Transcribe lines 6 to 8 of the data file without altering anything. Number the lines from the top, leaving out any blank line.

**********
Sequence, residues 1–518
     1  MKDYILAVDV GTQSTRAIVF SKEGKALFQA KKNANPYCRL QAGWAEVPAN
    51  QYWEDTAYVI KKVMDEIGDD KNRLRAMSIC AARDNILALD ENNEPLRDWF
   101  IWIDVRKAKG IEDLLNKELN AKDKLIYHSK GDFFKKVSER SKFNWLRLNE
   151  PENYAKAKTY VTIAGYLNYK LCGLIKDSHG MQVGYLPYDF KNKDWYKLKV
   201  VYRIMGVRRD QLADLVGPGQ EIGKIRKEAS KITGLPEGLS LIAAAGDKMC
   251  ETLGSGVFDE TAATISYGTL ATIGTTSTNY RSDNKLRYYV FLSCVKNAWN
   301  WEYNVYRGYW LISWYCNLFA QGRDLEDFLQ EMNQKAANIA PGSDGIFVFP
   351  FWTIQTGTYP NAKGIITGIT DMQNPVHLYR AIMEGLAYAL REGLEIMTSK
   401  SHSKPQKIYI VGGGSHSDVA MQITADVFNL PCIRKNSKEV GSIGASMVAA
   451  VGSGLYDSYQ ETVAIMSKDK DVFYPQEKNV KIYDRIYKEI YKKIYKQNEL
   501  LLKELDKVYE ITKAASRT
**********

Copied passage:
   201  VYRIMGVRRD QLADLVGPGQ EIGKIRKEAS KITGLPEGLS LIAAAGDKMC
   251  ETLGSGVFDE TAATISYGTL ATIGTTSTNY RSDNKLRYYV FLSCVKNAWN
   301  WEYNVYRGYW LISWYCNLFA QGRDLEDFLQ EMNQKAANIA PGSDGIFVFP